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A high speed future possible for downtown
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Downtown Manteca’s future is looking up – literally.

If you doubt this go talk to Susan Dell’Osso who is the project manager for what is arguably the most visionary development in the entire Central Valley – River Islands at Lathrop. Cambay Group, the project developer, has over $150 million invested in the 11,800-home planned community that will offer unparalleled river access and views. They have the wherewithal to wait until the economy is right before building the first home.

At the heart of River islands is a planned town center complete with a gathering place – a grassy commons that leads to the river. The town center is envisioned for multiple story buildings with retail and restaurants on the ground floor and residential above. You will see similar strategies in the “flatter” areas of downtown San Jose near the library and HP Pavilion.

There is proven two-prong strategy for successful downtowns that thrive day and night. It is to make downtown the place where people work, live, shop, and enjoy leisure activities such as dining and entertainment or/and develop a concentration of day-time office workers.

Living and working downtown isn’t a new strategy. There were more than a few stores built in the early part of the 20th century along the 100 and 200 blocks of West Yosemite that had residential living on the second floor and retail on the bottom.
Either path – pursuing more people at the center of the city or trying to make Manteca a place where regional offices eager to serve the Modesto-Stockton-Tracy triangle with 1.1 million consumers may want to locate for efficiency – requires a departure from current zoning rules.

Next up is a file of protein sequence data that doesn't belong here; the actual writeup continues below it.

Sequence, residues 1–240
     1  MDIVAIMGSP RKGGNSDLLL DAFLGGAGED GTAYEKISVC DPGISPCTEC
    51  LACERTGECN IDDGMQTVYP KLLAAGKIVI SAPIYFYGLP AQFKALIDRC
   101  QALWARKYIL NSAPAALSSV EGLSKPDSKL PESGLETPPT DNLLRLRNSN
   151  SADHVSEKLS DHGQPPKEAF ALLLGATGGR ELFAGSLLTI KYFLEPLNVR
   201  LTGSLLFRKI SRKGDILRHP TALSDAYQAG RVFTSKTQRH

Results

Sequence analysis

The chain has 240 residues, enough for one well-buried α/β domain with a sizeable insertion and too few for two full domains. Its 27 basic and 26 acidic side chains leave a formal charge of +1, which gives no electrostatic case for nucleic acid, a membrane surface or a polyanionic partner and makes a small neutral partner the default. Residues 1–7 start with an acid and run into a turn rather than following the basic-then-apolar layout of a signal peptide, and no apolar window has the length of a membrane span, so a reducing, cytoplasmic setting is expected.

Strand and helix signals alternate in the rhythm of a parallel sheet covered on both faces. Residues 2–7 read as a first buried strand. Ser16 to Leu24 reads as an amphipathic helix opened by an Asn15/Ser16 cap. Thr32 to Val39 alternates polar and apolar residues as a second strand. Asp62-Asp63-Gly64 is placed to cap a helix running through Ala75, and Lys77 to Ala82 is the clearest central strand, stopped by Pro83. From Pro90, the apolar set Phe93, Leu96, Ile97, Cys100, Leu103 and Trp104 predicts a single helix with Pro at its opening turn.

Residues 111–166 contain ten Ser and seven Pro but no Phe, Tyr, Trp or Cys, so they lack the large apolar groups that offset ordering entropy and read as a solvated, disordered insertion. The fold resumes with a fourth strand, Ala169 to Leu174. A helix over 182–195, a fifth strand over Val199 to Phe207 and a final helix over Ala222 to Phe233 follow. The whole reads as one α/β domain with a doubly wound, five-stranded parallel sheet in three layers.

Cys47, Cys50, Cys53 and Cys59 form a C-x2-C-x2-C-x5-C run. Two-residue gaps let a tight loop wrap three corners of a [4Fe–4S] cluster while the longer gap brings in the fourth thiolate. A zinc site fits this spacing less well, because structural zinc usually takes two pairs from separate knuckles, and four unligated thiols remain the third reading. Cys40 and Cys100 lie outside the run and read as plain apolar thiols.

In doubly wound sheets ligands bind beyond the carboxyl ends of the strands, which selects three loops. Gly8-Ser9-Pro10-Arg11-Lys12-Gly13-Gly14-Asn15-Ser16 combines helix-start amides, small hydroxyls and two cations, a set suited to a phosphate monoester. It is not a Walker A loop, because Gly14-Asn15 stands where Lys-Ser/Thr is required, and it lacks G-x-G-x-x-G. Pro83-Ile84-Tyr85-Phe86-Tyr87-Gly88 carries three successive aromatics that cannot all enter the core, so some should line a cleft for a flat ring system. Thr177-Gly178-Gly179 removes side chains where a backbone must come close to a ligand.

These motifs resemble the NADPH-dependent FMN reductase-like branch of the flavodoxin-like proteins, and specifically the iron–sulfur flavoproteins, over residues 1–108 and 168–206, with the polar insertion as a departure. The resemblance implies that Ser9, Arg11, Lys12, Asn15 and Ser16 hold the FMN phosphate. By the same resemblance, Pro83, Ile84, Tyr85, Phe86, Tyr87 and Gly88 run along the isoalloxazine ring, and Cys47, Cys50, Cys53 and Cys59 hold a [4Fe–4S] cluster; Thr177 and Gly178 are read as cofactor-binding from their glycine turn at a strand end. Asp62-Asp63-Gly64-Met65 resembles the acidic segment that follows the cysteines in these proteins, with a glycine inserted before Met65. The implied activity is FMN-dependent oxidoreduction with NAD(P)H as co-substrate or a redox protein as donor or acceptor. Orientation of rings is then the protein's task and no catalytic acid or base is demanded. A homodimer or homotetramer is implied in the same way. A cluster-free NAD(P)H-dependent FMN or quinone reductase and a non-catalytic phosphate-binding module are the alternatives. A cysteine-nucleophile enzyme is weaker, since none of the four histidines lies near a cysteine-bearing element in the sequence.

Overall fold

The emergence of downtown Manteca as an office center for the region probably sounds as ludicrous as someone telling you 10 years ago that Manteca would be drawing 2.5 million visitors from within a 100-mile radius to shop for outdoor gear or to play softball and would be able to open the only visitors center between Merced and Sacramento.

Not only is Manteca at the heart of the Northern San Joaquin Valley  region as well as the three-legged San Jose-San Francisco-Sacramento axis, but it is blessed with an incredible gift in the form of the Altamont Commuter Express teaming up with the California High Speed Rail project. The state high speed rail won’t stop here but it is allowing ACE to start moving toward high speed rail that would include extending service through Manteca to Modesto. The odds are strong a Manteca stop will come into play for ACE at Moffat and Main. That means you will be able to travel between San Jose and Manteca in less than 55 minutes.

Imagine the possibilities of a San Jose-based firm developing a business presence in the Northern San Joaquin Valley that has long been identified as the state’s high growth area for the next 25 years. Manteca is at the heart of it all.

The nice thing about the reverse commute is companies can extend into this area and not risk losing key, top level employees who prefer the Bay Area lifestyle. They simply travel 55 carefree minutes to oversee Northern San Joaquin Valley operations in offices in central Manteca. Sounds far-fetched.? So did having a business plopped down in Manteca that attracts 2 million people a year who spend money like it is going out of style.

It means a larger swath of central Manteca- perhaps as far north as Alameda and as far east as Powers – has to be identified as “downtown” so new rules aimed at encouraging investment in the area can move forward.

Among the zoning changes can be eliminating or severely reducing setbacks, lifting building limits that harkens back to the day Manteca firefighters could only reach a second or third story adequately, allowing residential above retail, and increasing residential density.

Manteca arguably has one of the most incredible opportunities for downtown transformation ever handed to a city of 67,000. Not only is its location to the region unmatchable or its location to actual growth in Manteca but the added caveats of being just over a mile from both the Highway 120 Bypass and Highway 99, being 15 minutes from Stockton Metro Airport, and in line for a potential high speed rail station to San Jose provide realistic potential that could exceed even nearby larger cities by leaps and bounds.

Nothing will happen overnight. And nothing will happen unless the rules and policies that would allow such a transformation are put in place now.

The real question for Manteca’s leadership – as well as the community – is whether it is willing to do what it takes to get aboard the potential that the high speed train and Manteca’s location has to bring white collar jobs to the heart  of our community.